Minister Byrne to attend Ulster Tower Centenary Event
Press release18 November 2021
Minister of State for European Affairs, Thomas Byrne T.D., will travel tomorrow to France to represent the Government at an event commemorating the centenary of the construction of the Ulster Memorial Tower. The Tower, which is located at Thiepval in northern France, commemorates those Irishmen, from the province of Ulster, who lost their lives in the First World War. It was first official memorial to be erected on the Western Front and was dedicated on the 19th November 1921.
Speaking ahead of the event Minister Byrne said:
“I feel privileged to represent the Government of Ireland at this event. Just as when we stood together here in 2016 to mark the centenary of the Battle of the Somme, this event is about a shared commemoration of all those from the island of Ireland who lost their lives in the First World War. It is about remembering the enormous and destructive impact of the war on that generation, and how it has shaped our history.
We have come a long way indeed in ensuring that this chapter of our history is fully recognised and better understood as part of our shared heritage.”
At the ceremony, Minister Byrne, will lay a wreath to remember those from Ireland who lost their lives during the First World War. He will be joined by other political representatives from Ireland and Britain. Members of the Defence Forces Band of the 2 Brigade will also perform at the ceremony. Following the event, Minister Byrne will travel to the nearby town of Guillemont where he will lay a wreath at the Celtic Cross First World War monument. The Celtic Cross stands in remembrance of the 16th Irish Division, which entered the Battle of the Somme in September 1916.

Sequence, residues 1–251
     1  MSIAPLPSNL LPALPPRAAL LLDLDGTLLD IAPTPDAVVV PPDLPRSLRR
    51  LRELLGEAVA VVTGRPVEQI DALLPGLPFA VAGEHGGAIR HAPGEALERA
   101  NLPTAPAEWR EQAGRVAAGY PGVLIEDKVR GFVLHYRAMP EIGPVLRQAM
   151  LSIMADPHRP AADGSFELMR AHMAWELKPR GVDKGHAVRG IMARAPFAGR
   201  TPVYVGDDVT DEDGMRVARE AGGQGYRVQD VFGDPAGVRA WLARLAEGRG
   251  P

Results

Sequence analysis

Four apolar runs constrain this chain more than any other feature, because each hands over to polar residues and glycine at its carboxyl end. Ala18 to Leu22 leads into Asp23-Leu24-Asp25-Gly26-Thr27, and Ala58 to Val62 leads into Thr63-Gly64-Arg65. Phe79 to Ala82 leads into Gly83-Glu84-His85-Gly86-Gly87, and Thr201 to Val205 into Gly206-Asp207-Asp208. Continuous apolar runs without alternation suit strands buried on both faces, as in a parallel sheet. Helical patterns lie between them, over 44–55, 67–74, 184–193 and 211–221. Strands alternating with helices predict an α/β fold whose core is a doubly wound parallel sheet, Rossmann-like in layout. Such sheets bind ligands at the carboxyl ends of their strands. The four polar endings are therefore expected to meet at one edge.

18 November 2021
Notes for Editors
- The Ulster Memorial Tower stands on what was the German front line during the Battle of the Somme, July to November 1916. It was erected on the site of the Schwaben Redoubt, a strongly fortified position, which the Ulster Division eventually captured. It is opposite Thiepval Wood from where the 36th (Ulster) Division made charged at the German frontline on first day of the Battle of the Somme.
- The 36th Ulster Division was made up of volunteers drawn from across all nine counties of Ulster.
- The 36th Ulster Division was joined on the Western Front in September 2016 by the 16th Irish Division, which was formed by men from across the island of Ireland. The two divisions fought side by side at the Battle of Messines in 1917.
- The event has been organised by the Somme Association, who manage the Ulster Memorial Tower site in Thiepval.
- As part of the Government’s participation in events in 2016 to mark the centenary of the Battle of the Somme, Minister Heather Humphreys represented the Government at the ceremony at the Ulster Tower on 1st July marking the role played by the 36th Ulster Division and again participated in the ceremony in September in Guillemont remembering the contribution of the 16th Irish Division.